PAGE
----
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The Pharos of Alexandria by Fischer von Erlach

Ancient Wonder of the World: Egypt Approves Plan to Rebuild Pharos of Alexandria


The Pharos of Alexandria was one of the Seven Wonders of the Ancient World and the most famous lighthouse in antiquity. The incredible feat of ancient engineering stood at an impressive height of 130 meters (430ft) until it was destroyed by an earthquakes in the 14 th century AD. Now it is destined to rise again as Egyptian authorities have just approved plans to rebuild the towering monument.

Hand-colored engraving of the Pharos of Alexandria by Maarten van Heemskerck (1498–1574).

Hand-colored engraving of the Pharos of Alexandria by Maarten van Heemskerck (1498–1574). (Wikimedia Commons)

Built either late in the reign of Ptolemy I or early in the reign of Ptolemy II, around 280 BC, the lighthouse was located on the eastern tip of the island of Pharos. Posidippus of Pella, who lived in Alexandria during the reign of Ptolemy II, wrote a poem on a piece of papyrus, which recorded its architect as Sostratus of Cnidus. In some descriptions, it is recorded that a huge statue, representing either Alexander the Great or Ptolemy I in the form of the Sun God, Helios, stood on the top of the lighthouse. This would have been an obvious message to anyone entering Alexandria by sea that the city was now under ‘Ptolemaic management’. In addition, this would have demonstrated the euergetism (the doing of good deeds) of the new ruling dynasty.

17th century sketch of the Pharos of Alexandria

17th century sketch of the Pharos of Alexandria (Wikimedia Commons)

Besides being a propagandistic symbol of Ptolemaic legitimization, the Pharos also served a much more practical function. As with all lighthouses, it was meant to be a guide for sailors to the harbor. As Strabo records, “This was an offering made by Sostratus of Cnidus, a friend of the kings, for the safety of mariners, as the inscription says: for since the coast was harborless and low on either side, and also had reefs and shallows, those who were sailing from the open sea thither needed some lofty and conspicuous sign to enable them to correct their course to the entrance to the harbor. And the western mouth is also not easy to enter, although it does not require so much caution as the other.” From this description, it can be inferred that Alexandria was a very important city in Ptolemaic Egypt, as it was not only its capital, but also its gateway to the Mediterranean. Hence, the building of a lighthouse to ensure that ships, especially those of merchants, could safely arrive at Alexandria’s harbor would have brought economic benefits to the Ptolemies.

The lighthouse was damaged by a series of earthquakes between 3 rd and 12 th centuries and is believed to have been completely destroyed in the early 14 th century. In 1994, hundreds of huge masonry blocks from the original lighthouse were found in waters off the island.

The lighthouse was constructed to protect the ships entering Alexandria’s harbor. ‘The Pharos of Alexandria’, Atlas Jansson Jansonius, 1630

The lighthouse was constructed to protect the ships entering Alexandria’s harbor. ‘The Pharos of Alexandria’, Atlas Jansson Jansonius, 1630 (Wikimedia Commons)

The lighthouse consisted of three sections: a lower square segment with a central core, a middle octagonal section, and a circular segment at its top. A mirror was used to reflect sunlight during the day, while a fire was lit at night in order to guide ships.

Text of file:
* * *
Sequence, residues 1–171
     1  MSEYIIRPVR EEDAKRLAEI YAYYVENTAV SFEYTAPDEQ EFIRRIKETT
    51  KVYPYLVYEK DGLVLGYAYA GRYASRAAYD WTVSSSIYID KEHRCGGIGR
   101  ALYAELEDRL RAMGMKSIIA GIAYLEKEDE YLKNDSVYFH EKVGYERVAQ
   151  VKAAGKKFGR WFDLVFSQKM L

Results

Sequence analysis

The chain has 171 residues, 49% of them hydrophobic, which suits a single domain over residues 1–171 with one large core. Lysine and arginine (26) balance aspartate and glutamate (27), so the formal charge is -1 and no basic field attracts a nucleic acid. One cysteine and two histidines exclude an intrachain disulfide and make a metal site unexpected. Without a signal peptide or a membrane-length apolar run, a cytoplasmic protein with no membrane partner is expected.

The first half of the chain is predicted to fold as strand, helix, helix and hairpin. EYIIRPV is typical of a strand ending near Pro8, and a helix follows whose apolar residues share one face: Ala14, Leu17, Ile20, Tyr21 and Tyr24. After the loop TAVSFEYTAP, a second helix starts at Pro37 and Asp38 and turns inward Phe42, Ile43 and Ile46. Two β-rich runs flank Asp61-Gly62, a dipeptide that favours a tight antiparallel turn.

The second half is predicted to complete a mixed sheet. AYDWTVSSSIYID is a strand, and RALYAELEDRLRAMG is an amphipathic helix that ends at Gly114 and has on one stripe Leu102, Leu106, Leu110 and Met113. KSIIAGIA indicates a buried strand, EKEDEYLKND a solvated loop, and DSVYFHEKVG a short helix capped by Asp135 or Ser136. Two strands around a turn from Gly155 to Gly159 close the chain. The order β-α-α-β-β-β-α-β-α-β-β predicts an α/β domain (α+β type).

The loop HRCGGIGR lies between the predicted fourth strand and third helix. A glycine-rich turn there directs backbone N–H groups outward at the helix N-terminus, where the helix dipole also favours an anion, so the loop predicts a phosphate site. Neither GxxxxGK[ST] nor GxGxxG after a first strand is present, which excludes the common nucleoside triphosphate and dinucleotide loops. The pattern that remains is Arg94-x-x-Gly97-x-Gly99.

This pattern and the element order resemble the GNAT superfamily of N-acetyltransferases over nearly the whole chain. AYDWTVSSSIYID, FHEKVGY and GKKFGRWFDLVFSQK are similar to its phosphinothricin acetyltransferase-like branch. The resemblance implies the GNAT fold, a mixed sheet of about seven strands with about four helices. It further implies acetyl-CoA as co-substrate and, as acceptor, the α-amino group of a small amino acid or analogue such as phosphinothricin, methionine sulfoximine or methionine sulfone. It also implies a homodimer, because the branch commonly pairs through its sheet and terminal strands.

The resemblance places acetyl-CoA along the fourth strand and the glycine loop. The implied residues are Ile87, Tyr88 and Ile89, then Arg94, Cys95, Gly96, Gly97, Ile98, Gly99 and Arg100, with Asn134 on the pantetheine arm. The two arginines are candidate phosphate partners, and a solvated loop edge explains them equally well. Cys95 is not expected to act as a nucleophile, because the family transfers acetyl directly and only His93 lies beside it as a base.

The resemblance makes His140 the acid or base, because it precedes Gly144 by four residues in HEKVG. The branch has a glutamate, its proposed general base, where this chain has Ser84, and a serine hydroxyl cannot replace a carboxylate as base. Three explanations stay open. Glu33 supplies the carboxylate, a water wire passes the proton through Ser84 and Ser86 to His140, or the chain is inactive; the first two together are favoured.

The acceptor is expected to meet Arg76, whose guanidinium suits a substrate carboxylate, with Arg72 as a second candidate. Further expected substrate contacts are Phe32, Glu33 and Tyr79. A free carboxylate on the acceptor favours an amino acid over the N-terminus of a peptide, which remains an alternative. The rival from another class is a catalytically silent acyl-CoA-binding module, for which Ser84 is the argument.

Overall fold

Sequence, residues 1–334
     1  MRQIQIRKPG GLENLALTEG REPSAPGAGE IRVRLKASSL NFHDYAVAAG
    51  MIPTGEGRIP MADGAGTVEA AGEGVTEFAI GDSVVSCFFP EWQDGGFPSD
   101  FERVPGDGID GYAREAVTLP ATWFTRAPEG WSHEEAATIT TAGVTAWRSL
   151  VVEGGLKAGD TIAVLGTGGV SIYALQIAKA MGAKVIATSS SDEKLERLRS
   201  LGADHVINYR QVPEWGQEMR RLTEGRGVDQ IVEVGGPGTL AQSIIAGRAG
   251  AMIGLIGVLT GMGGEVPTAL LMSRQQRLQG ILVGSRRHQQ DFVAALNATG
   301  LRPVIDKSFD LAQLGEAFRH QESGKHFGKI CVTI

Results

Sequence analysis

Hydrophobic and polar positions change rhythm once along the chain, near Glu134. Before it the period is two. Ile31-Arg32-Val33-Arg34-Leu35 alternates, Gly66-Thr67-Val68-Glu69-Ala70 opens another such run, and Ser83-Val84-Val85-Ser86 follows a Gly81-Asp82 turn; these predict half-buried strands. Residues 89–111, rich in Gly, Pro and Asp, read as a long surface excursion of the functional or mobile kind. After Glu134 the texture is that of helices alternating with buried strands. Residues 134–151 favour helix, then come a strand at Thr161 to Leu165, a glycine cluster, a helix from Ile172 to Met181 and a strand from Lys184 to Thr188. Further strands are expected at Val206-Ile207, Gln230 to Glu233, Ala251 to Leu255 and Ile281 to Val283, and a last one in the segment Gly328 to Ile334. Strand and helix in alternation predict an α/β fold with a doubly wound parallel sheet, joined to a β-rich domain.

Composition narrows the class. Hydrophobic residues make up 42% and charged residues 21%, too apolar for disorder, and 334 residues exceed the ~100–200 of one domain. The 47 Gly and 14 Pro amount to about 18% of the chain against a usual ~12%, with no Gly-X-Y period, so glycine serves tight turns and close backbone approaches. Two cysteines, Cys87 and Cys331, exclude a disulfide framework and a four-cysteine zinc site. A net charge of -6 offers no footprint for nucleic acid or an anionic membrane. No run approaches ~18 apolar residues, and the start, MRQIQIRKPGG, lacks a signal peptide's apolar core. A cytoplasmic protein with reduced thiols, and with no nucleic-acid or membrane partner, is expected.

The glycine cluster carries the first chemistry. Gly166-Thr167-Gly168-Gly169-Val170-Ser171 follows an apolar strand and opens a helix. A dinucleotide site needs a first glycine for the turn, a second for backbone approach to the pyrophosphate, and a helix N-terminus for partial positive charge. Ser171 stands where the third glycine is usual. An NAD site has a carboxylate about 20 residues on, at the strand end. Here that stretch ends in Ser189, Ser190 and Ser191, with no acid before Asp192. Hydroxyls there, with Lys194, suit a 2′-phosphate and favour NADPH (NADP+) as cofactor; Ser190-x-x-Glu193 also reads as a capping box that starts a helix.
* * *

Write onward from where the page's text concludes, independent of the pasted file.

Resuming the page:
The Cairo Post reports that the plan is to rebuild the lighthouse just a few meters southwest of where it once stood, as the original location is now occupied by the Qaitbay Citadel.

Featured image: The Pharos of Alexandria by Fischer von Erlach, 1656 – 1723 (Wikimedia Commons)

By April Holloway



Moonsong's picture

Is this really practical? Are they going to rebuild it because they want more tourists? This, when until a couple of years ago, tourists were told they couldn’t go to Egypt and threatened? Seriously?


- Moonsong
A dreamer is one who can only find his way by moonlight, and his punishment is that he sees the dawn before the rest of the world ~ Oscar Wilde

Rebuilding the lighthouse in Alexandria seems to be a good idea. I hope the increased tourist trade will pay some or all of the cost. I also think it would be a good thing if the Greeks decided to restore the Parthenon to it's appearance a mere four hundred years ago...this before the Turks used the building as a storehouse for ammunition which subsequently exploded leaving what we see today. Been there lately? The place on the Acropolis looks like a rock quarry. The Greeks can't even hire a gang of laborers with weedwhackers to keep the wild vegetation down. Supposedly, the Parthenon was "restored" several years ago. What a waste of time and money. We restore trains, automobiles, castles, furniture and even almost extinct species of animals. Why not ancient monuments like the Parthenon or even the great pyramid at Giza. It would look wonderful again sheathed in white limestone capped with gold. Humans built it...humans can rebuild it.

Egypt can't feed itself, relies on foreign aid, and is short of money to pay for the things that it is obligated to pay for. Tourism has declined sharply since the "arab spring," yet they're going to build this? Vanity can't feed people.

Well great, its going to be an ugly looking building made out of cement and the likes.

aprilholloway's picture


April Holloway is a Co-Owner, Editor and Writer of Ancient Origins. For privacy reasons, she has previously written on Ancient Origins under the pen name April Holloway, but is now choosing to use her real name, Joanna Gillan.

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